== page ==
Oil Immersion technique, objectives, Resolving Power, Used for, Types.

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What is Oil Immersion?

    • Oil immersion is a technique, used to increase the resolving power or microscopic resolution of a light microscope.
    • This is done by immersing the objective lens and specimen into a transparent oil containing a high refractive index, as a result, it increases the numerical aperture of the objective lens.
    • The immersion oils have the index of refraction around 1.515.
    • The objective lens, which is immersed in the immersion oil is called an oil immersion objective.

What is Microscopic Resolution?

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Microscopic Resolution Definition

The microscopic resolution also is known as resolving power. Resolution is defined as the ability of a lens to separate or distinguish between small objects that are close together or the ability to distinguish two adjacent points as distinct and separate.

Equation of Microscopic resolution

The microscopic resolution can be calculated by using Abbe Equation. Resolution is described mathematically by an equation developed in the 1870s by Ernst Abbe, a German physicist responsible for much of the optical theory underlying microscope Design.

The Abbe equation is;

abbe equation

d = Distance between two objects.
𝞴 = Wavelength of light.
nsin𝝧 = Numerical Aperture.
When d becomes smaller, the resolution increases, therefore the resolution (r );

abbe equation

Why is Oil Immersion used?

Oil Immersion

When light rays pass through two different mediums of different refractive index, it is bent.

For example, in a light microscope, the light rays pass through two different mediums which containing different refractive indices, such as the glass (objective lens and slide) and air.

During the passes of light from the specimen slide to the objective lens, it also travels through the air space between the objective lens and slide. During this time some of the light rays are scattered and lost, because of the variation in the refractive index of air and glass.

The air has the refractive index is approximately 1.0, whereas the glass has approximately 1.5. During the passes of light through both glass and air, it is refracted. The light rays of different wavelengths bend at different angles, so as the objects are magnified more, and images become less distinct.

This means if you increase the magnification power of the objective lens the image will be blur or dark.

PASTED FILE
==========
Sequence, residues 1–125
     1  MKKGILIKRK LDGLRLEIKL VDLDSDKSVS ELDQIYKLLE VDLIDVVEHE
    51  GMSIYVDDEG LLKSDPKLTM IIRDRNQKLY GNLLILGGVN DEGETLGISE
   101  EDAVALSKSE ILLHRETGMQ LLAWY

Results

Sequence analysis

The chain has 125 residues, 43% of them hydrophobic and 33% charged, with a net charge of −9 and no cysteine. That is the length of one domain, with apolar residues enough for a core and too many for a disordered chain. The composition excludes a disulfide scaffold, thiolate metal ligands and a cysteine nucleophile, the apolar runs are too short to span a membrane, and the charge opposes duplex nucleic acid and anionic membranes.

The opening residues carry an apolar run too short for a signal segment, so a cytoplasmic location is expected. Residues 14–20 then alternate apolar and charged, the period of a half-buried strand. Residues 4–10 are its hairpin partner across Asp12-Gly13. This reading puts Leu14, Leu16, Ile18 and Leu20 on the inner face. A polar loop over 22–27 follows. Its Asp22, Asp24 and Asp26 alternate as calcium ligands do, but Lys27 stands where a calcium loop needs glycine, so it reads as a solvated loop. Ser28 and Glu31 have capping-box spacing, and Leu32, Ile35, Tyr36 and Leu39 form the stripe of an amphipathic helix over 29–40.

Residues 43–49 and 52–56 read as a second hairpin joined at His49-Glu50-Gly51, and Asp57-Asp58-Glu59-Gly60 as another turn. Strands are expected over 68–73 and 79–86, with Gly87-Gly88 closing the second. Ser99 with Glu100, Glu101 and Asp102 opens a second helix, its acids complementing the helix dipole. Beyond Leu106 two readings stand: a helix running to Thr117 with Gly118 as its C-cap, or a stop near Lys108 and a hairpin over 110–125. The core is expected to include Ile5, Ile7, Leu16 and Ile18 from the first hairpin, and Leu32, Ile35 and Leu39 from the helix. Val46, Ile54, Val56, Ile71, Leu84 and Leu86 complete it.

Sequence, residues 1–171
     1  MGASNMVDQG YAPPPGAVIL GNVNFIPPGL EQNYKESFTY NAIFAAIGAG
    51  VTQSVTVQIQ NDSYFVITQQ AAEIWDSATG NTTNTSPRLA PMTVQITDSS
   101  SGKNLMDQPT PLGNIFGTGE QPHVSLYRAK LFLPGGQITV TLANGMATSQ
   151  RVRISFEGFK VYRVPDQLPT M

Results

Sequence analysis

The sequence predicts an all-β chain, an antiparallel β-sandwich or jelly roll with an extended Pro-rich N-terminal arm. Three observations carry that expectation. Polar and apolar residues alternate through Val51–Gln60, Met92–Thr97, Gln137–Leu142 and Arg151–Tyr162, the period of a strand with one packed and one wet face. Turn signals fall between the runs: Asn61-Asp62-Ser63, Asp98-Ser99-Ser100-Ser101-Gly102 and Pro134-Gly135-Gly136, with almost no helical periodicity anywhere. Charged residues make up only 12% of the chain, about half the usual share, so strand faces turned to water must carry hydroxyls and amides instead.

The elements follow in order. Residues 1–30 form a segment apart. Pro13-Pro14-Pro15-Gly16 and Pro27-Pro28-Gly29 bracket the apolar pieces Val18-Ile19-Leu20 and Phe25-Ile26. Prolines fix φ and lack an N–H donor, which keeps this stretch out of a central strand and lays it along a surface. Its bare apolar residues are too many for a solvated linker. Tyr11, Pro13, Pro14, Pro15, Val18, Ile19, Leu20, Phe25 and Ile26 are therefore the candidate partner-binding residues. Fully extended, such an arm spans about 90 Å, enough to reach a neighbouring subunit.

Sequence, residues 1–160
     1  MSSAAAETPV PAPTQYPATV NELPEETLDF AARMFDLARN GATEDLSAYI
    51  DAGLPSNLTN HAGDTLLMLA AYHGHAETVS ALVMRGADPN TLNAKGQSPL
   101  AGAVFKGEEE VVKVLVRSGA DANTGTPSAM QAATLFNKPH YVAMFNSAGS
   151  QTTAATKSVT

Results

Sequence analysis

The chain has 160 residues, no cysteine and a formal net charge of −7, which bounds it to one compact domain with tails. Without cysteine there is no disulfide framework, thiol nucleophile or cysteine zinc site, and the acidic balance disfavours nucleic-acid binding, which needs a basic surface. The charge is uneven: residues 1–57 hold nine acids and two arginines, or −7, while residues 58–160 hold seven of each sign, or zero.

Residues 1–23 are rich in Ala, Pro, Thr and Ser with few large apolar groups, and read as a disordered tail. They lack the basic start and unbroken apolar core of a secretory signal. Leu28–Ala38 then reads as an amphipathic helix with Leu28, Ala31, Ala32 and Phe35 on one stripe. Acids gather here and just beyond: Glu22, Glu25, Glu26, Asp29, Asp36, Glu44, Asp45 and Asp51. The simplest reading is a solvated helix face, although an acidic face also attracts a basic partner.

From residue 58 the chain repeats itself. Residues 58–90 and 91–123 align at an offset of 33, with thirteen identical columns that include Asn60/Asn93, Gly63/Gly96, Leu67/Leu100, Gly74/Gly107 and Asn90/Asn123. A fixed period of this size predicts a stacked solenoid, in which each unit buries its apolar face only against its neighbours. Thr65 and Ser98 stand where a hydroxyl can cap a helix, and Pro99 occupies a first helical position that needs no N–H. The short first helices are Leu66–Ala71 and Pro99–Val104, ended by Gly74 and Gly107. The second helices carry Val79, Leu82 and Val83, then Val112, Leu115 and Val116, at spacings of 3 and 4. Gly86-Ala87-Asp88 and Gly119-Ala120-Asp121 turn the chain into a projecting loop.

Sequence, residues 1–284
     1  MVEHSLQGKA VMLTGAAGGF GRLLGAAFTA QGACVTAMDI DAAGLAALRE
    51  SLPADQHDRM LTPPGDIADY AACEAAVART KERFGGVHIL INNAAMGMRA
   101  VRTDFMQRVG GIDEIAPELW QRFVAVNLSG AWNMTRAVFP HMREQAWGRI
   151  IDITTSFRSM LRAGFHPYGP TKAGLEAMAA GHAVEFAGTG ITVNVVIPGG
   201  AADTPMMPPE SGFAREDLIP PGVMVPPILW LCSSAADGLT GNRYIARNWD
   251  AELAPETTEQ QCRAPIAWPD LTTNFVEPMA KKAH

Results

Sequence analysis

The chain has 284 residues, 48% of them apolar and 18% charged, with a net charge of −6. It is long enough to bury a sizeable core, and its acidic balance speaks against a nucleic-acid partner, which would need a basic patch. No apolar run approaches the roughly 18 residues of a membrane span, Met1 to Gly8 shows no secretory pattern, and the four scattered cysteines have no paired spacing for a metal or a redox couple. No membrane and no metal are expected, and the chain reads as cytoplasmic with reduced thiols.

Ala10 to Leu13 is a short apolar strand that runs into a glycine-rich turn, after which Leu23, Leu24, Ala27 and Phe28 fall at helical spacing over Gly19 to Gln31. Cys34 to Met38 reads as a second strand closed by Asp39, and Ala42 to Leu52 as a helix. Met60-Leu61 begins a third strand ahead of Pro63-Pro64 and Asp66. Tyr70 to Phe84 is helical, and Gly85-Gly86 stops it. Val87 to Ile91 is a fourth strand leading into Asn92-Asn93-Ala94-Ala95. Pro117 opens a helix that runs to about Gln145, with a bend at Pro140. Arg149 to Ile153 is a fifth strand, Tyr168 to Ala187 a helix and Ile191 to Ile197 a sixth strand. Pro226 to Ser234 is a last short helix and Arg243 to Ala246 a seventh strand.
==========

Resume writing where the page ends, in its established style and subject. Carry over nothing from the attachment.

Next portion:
The light refraction or this problem is highly noticeable in the 100x objective lens it is not noticeable during the uses of lower magnification microscope objective lenses such as 4x, 10x, 40x.

If somehow we reduce the amount of light refraction, more light will be pass through the objective lens from the specimen slide and as a result, the image will be clear and crisp.

The amount of light refraction can be reduced by placing a drop of immersion oil between the objective lens and slide, which has an equal refractive index of the glass slide and the space filled with air. As a result more light will pass through the objective lens and it will form a clear image.

Immersion oil Objectives

    • The objective lenses which are specifically designed for this purpose is known as the Oil immersion objectives.
    • The objective lens improves the resolving power by a factor 1/n.
    • They are used for very large magnifications that require high resolving power.
    • They have short focal lengths, facilitating the use of oil.
    • In the conventional microscope, the immersion oil is applied over the specimen slide and the stage is raised to immerse the objective lens in oil.
    • In inverted microscopes, the immersion oil is applied to the objective.

Immersion oil Types

    • There are mainly present two types of oil which are used as immersion oil such as; Cedar tree oil and synthetic oil.
    • In the 1940s, synthetic immersion oils were first developed before that cedar tree oil was used as immersion oil. 
    • Cedar tree oil has a refractive index of about 1.516.
    • Cedar tree oil objectives also has a numerical aperture of around 1.3.
    • There are present several disadvantages of Cedar tree oil such as;
      • Absorbs blue and ultraviolet light.
      • Become yellows with age.
      • It potentially damage objectives by attacking the cement used to join lenses, due to presence of sufficient acidity.
      • It needs to remove immediately after use before it can harden.
    • Due to these disadvantages now synthetic oils are used as an alternative of Cedar tree oil, because it eliminates most of these problems of Cedar tree oil.
    • The synthetic oil has a numerical aperture around 1.6, which can be achieved with different oils

Immersion oils are categories into different classes such as  Type A and Type B, based on their properties and the type of microscopy will be performing. Type F immersion oil is used for fluorescent imaging and type N used to visualize living cells.

Immersion oil Technique

    1. After observing the sample in 40x  rotate the objective lens partway between the 40x and 100x lens.
    2. The place a drop of type A immersion oil at the top of the coverslip.
    3. Now carefully set the 100x objective lens on the drop of immersion oil.
    4. Then adjust the focus by controlling the fine focus knob until a clear and crisp image appear.
    5. After observing the image wipe the oil from all glass surfaces using a piece of lens cleaning paper.
    6. Again clean the lens using a small amount of alcohol or lens cleaning solution.


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